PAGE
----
Today we will look at variations of the verb “hören“ which means “to hear”. Just like phrasal verbs in English, there are variations of German verbs. Adding a preposition or a particle changes the meaning of the basic verb. And just like in English, there is no logic! We have to practise these verbs as we learn German. Let us look at 5 different variations.
This verb means “to stop” and “to give up”. Often, this is used in the imperative: Hör auf! means “stop it!” But we use it in the sense of giving something up, for example, smoking.
Ich habe mit dem Rauchen aufgegeben = I gave up smoking
We notice that “auf” is separable. Can you think of more examples of something you would like to give up?
Ich höre dich = I hear you
But how do we say “I listen to you”? Listening is stronger than hearing. In this case, we can use zuhören.
Ich höre dir zu = I listen to you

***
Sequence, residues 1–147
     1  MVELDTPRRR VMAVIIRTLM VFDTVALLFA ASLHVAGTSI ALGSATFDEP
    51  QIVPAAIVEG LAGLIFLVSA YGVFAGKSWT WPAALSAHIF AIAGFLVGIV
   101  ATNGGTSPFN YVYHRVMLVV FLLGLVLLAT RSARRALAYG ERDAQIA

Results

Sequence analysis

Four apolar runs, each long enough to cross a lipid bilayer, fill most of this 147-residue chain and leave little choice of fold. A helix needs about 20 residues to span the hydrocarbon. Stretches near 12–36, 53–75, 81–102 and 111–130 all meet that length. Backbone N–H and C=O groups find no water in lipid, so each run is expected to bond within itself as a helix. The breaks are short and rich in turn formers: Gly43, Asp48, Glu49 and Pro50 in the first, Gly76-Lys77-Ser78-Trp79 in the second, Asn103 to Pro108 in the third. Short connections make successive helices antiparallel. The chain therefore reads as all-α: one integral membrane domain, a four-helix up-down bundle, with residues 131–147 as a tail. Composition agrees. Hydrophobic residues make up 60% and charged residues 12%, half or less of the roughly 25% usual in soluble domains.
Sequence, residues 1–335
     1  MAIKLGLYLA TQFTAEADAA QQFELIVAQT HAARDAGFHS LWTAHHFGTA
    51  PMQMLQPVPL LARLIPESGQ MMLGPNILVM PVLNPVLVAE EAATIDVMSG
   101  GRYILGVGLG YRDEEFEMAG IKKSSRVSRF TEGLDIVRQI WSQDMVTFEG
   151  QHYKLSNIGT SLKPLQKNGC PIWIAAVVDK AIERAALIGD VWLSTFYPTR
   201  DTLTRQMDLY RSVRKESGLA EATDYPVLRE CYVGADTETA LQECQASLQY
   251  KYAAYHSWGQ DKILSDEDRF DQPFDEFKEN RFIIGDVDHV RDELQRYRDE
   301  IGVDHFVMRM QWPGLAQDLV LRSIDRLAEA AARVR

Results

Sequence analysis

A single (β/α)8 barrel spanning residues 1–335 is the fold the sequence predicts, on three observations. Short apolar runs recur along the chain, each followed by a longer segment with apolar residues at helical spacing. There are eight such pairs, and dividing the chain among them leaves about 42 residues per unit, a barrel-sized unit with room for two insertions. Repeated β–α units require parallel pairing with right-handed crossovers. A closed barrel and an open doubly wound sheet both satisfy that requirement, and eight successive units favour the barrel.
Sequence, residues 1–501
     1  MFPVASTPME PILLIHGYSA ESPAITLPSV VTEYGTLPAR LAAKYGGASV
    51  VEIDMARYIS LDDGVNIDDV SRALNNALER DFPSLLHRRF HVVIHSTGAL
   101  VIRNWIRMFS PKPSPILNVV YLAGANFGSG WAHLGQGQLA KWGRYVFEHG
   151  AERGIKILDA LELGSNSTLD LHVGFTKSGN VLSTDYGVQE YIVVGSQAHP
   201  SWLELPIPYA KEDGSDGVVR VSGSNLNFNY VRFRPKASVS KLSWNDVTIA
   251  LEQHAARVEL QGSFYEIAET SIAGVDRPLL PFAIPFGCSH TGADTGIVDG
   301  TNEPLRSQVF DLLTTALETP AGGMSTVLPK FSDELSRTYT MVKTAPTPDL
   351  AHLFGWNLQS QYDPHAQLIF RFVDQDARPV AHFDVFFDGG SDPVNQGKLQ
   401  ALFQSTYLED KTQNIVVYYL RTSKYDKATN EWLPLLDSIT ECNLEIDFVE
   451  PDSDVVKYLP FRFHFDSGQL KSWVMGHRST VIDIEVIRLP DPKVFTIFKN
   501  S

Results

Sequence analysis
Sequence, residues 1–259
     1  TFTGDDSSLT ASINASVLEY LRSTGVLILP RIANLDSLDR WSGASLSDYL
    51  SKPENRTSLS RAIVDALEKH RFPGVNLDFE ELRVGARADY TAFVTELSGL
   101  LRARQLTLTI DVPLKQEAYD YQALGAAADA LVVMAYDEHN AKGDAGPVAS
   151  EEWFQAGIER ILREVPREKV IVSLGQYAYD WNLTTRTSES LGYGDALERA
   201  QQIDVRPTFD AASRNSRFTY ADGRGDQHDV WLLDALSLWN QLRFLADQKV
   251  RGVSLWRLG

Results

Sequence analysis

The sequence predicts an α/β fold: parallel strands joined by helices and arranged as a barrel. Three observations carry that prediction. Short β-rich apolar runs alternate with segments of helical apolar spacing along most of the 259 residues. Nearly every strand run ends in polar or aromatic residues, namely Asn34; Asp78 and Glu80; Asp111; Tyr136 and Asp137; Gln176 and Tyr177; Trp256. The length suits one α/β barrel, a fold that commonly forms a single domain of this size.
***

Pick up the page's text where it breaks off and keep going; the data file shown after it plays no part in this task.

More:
We notice that we have changed the case from Akkusativ “dich” to Dativ “dir”.
This is not overhear! This means to avoid hearing.
Ich habe dich überhört = I didn’t hear you
Ich wollte dich nicht überhören = I didn’t mean to avoid listening to you
We notice that “über” is not separable.
This means to question as in “the police question the thief”.
Die Polizei verhört den Dieb.
Clearly, this is much stronger than just “hören”. And we notice again that the particle “ver” is not separable.
When we use “verhören” in the reflexive form, we do not talk about the police questioning a thief. Rather, we talk about “mishearing”, i.e., not hearing correctly.
Ich habe mich verhört. Kannst du das wiederholen? = I misheard. Can you repeat?
So, be careful. Are you using the normal or reflexive form? Your message will be very different.
Can you find more variations in the dictionary for “hören”? I am sure you know a variation of “hören” with the particle “ge”! Good luck!